For gay couples keen to start a family, the road to ‘the bump’ may seem particularly bumpy.
The process of conception appears cold and clinical, far removed from the warm, loving world in which your baby will be wrapped from the moment it arrives. Before the patter of tiny feet sends you gaga, there are biological practicalities to overcome with a clear head. You need to find a suitable donor, and learn how to maximise the chances of success. There are emotional hurdles too – deciding the birth mother, and thinking about how the other partner will feel. On top of that, there’s still the same chance of fertility issues as a heterosexual couple faces – but with less sympathy and support from the world at large.
While that all sounds daunting, the good thing is there are options out there to help same-sex couples who are taking the big step into parenthood. From a simple helping hand to finding donor sperm, to biologically sharing parenting, it’s all available if you know where to look! If costs of treatment at a fertility clinic prevent you taking things further, there are also options to drastically reduce the sums involved by donating eggs to other couples.
To properly explore the options the first step is to find a clinic which throws out the welcome mat to same-sex couples. Sadly, gay women still report mixed experiences at fertility clinics; the literature can be almost exclusively aimed at straight couples, and there remains the chance of a hostile reception. It’s an emotional enough experience without dealing with disapproving staff who have no interest in helping you move things forward.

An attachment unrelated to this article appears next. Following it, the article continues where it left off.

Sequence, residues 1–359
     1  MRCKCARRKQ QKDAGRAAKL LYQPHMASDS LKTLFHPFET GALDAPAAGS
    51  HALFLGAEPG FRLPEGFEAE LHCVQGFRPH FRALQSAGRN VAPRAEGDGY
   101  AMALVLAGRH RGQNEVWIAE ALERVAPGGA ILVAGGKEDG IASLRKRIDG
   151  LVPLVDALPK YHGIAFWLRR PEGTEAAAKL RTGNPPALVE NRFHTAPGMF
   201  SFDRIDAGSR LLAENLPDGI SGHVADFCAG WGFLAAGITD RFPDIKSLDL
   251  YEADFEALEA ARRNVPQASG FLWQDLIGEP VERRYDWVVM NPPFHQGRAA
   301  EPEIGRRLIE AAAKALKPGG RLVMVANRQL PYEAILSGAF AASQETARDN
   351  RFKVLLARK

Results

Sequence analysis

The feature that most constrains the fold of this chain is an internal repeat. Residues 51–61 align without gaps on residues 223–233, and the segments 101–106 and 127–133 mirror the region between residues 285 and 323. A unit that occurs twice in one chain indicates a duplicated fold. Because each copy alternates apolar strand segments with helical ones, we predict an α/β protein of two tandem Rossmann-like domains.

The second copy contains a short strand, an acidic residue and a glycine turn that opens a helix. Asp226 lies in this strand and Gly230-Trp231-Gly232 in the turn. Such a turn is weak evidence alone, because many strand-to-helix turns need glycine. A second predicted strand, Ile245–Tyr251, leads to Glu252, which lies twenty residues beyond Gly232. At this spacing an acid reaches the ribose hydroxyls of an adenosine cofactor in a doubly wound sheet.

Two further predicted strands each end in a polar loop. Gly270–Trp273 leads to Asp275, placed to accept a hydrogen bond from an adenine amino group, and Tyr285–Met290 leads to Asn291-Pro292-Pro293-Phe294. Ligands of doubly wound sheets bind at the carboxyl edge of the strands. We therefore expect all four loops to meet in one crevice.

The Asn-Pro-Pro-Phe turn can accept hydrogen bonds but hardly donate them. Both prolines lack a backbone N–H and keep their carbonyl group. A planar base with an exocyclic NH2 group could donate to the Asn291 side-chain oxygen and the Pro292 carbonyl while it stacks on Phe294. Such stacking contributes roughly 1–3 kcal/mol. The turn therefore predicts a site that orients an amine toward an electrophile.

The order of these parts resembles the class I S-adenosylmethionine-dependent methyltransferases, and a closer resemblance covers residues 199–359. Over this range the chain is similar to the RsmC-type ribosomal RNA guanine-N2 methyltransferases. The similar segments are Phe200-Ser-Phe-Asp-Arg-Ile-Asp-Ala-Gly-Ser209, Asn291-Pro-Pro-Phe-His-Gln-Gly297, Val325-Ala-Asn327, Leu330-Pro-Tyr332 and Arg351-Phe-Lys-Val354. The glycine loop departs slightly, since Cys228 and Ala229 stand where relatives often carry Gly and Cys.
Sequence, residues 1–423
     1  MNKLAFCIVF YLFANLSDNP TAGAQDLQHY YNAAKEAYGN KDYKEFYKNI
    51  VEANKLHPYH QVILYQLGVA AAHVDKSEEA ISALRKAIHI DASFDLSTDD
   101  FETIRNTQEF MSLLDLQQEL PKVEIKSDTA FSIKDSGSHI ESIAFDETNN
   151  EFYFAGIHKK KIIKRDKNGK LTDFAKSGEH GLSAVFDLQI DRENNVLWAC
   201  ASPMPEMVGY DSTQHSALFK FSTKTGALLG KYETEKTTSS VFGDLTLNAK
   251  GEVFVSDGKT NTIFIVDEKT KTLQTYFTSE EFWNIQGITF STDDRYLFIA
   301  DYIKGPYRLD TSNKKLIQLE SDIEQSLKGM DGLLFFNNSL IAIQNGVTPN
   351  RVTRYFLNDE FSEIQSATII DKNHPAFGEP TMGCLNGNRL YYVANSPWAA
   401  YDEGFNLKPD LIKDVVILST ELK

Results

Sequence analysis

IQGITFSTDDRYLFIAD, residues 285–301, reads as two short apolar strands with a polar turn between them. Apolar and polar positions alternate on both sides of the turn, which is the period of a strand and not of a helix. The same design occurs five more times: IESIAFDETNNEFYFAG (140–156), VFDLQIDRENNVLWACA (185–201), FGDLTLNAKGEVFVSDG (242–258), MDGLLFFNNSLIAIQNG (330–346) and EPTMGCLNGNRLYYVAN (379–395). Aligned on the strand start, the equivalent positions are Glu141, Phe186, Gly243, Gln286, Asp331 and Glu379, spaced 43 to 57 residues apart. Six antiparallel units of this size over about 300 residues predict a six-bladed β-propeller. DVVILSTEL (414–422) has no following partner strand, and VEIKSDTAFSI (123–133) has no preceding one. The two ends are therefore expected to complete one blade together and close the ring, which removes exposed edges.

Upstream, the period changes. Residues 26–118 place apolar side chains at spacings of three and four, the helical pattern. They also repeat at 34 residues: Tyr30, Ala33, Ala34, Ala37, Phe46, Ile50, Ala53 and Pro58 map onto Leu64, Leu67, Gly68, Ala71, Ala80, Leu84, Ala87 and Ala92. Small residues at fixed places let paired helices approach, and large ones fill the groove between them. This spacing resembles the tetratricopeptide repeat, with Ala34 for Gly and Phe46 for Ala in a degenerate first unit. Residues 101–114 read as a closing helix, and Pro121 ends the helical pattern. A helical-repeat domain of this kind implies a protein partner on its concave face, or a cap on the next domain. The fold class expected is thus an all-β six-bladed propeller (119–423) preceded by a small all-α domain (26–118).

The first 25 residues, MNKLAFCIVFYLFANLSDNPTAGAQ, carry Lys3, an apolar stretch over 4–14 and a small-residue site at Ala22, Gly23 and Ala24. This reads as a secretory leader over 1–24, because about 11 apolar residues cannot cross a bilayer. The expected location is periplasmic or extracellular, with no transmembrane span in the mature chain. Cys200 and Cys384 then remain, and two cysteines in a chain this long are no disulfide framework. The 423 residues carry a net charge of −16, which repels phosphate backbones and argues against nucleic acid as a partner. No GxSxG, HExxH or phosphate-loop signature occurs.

One clinic which markets itself to gay women is the Centre for Reproduction & Gynaecology Wales (CRGW). They offer a range of tailored support to make would-be parents feel comfortable and suit their personal needs. This could mean extra assistance from the counselling team, use of the donor sperm bank, complementary therapies, or exploring underlying causes of fertility issues and suggesting the best way forward.
Another option which suits some gay women is treatment so that one partner can donate her eggs while the other partner gives birth to the baby. One couple who have been though this process recently – and have not looked back – is Alison and Sophie. In their case, both wanted to give birth, although wisely not to be pregnant at the same time! As Sophie was 38 and Alison 32, they decided that Sophie would get pregnant first, but they would retrieve and fertilise her eggs for Alison to use at a later date. After choosing from donor sperm profiles, Sophie was first to go through the IVF process, the embryos frozen safely for future. After that the couples’ cycles were matched (using the trusty old pill!), Alison’s eggs were fertilised too, and the resultant embryo was transferred to Sophie. All went swimmingly, Sophie is now pregnant, and both are happy to be heading to motherhood together.
This may seem like a complex process, but any parent will tell you the end result is well worth the effort. It’s good to know there are choices out there for gay women to help make their dream of being a mum come true.